President Wulff resigns
Published: 17 Feb 2012 11:11 GMT+01:00
Updated: 17 Feb 2012 12:25 GMT+01:00
German President Christian Wulff resigned in disgrace on Friday, finally bowing to pressure and a lack of trust on the back of months of revelations about blurred lines between personal, business and political advantage.
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His decision leaves fellow conservative Chancellor Angela Merkel with the task of trying to identify a replacement who will be popular across the political spectrum – as the next president will be Germany's third within two years.
Facing the cameras in Berlin on Friday morning, Wulff admitted he no longer had the full trust of the broad majority of the people and could thus no longer carry out the duties of president.
“The developments of the past days and weeks have shown that this trust and thus my ability to function have been lastingly damaged,” he said, flanked by his wife Bettina in a hall of the presidential Bellevue Palace.
Wulff has been under increasing pressure to resign since last December when details of a soft loan of €500,000 he got from the wife of a businessman but did not declare, became public.
He did not mention the demand made late on Thursday from the public prosecutor’s office in Hannover, Lower Saxony, where he used to be state premier, that his immunity from investigation be lifted.
But he did say he was convinced the investigation would completely exonerate him. “I made mistakes but I was always honest,” he said.
Merkel soon afterwards said it was a strength of the country that the law applied to all equally, no matter what their position.
Referring to his much-lauded statement that Islam had a place within German society, Wulff clearly attempted to frame his presidency as one devoted to the aim of increasing integration, devoting the first part of his resignation speech to that topic.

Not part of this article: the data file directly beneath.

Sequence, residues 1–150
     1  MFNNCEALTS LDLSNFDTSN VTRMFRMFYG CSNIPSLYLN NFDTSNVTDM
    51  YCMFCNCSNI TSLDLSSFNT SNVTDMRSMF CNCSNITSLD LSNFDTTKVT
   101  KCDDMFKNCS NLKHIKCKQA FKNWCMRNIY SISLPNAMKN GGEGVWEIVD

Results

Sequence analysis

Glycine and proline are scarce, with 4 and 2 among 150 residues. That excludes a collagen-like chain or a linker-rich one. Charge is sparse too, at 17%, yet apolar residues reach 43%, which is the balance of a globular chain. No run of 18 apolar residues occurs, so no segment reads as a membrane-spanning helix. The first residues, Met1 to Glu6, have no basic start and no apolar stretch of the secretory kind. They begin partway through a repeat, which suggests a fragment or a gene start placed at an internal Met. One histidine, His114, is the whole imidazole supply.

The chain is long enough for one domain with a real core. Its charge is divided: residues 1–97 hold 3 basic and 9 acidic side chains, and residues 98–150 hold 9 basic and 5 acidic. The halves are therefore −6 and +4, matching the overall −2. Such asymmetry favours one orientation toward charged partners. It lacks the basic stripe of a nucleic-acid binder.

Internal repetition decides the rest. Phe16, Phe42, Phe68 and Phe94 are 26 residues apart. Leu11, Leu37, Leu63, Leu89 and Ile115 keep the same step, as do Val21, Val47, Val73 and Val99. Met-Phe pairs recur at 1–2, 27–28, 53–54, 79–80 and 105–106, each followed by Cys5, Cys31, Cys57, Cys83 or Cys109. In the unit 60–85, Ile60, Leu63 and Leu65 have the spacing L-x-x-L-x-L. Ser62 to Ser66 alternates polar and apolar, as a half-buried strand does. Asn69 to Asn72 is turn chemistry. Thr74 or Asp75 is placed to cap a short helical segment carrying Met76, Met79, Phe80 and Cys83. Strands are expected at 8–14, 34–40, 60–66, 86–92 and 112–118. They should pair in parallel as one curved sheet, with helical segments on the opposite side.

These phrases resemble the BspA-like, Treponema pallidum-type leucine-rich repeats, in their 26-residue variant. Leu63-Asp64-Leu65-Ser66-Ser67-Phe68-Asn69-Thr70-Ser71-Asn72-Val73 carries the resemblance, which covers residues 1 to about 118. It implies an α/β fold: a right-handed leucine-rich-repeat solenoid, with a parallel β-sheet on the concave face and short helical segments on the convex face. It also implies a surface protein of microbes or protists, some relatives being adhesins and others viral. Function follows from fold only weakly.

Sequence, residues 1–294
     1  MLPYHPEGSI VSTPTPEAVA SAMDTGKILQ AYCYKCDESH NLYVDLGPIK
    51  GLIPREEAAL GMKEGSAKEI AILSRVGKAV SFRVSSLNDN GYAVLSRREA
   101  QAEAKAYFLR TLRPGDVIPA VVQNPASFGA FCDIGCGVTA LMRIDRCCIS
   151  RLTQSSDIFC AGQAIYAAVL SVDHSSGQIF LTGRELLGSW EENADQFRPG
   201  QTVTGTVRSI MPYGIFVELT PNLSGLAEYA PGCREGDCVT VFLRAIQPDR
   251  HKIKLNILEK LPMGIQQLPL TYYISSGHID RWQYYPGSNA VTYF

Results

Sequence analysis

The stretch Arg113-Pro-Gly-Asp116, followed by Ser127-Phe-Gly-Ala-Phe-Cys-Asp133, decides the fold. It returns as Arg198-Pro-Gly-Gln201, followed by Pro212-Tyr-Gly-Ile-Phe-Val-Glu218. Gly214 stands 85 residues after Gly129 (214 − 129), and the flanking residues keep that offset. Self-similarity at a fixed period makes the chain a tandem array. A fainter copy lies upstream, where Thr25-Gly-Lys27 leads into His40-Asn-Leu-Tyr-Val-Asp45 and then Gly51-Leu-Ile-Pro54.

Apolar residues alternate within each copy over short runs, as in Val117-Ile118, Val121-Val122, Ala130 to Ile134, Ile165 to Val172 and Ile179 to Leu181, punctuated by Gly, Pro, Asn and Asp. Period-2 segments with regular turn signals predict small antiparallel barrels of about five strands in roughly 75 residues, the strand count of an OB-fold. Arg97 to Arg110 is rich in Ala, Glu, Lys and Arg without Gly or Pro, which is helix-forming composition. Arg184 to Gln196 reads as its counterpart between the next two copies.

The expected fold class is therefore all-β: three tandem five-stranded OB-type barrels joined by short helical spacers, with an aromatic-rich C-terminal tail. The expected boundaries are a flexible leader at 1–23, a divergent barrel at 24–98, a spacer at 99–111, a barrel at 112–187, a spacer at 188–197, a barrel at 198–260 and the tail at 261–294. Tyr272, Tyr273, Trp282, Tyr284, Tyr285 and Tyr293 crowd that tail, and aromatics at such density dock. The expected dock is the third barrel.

Germany would be strongest domestically and on a European level if integration is successful, he said, but added that this would need a president who could concentrate on the job.
He said he was resigning because only a president who enjoyed the “full trust of the broad majority of the people”, could take on the enormous challenges on the international stage was well as those at home.
In her brief statement, Merkel also praised his work on integration. “He exerted his full energy for a modern and open Germany. He gave us an important impulse to strengthening this country in its diversity and his name will always be connected with that,” she said.
She came under increasing criticism for backing Wulff throughout the unfolding scandal, as details of holidays paid for by businessmen followed accounts of threats made to newspaper executives about to report on his sweetheart loan.
Merkel will now consult with party colleagues in the Christian Democratic Union, their Bavarian CSU allies, as well as her coalition partner the Free Democratic Party before talking with opposition parties the Social Democratic Party and the Greens to find a candidate acceptable to all.
Wulff himself was a controversial candidate who Merkel pushed into office in the face of opposition from within her own party’s ranks. He took over after his predecessor Horst Köhler resigned in May 2010 after making comments which appeared to justify Germany taking military action to defend its economic interests.
Then it was said that Köhler resigned too quickly as a result of a thin skin – this time the calls for the president’s resignation have been varied and loud for weeks.
The German constitution says that should a president resign or be prevented from carrying out his duties, his office should be filled by the president of the upper house of parliament, the Bundesrat – currently Christian Social Union leader Horst Seehofer.
The enormous Federal Convention which elects the president, must meet at the latest 30 days after a resignation to start voting on candidates. The assembly has 1,244 delegates including all the members of the lower house of parliament, the Bundestag, and equal numbers elected by the parliaments of the federal states.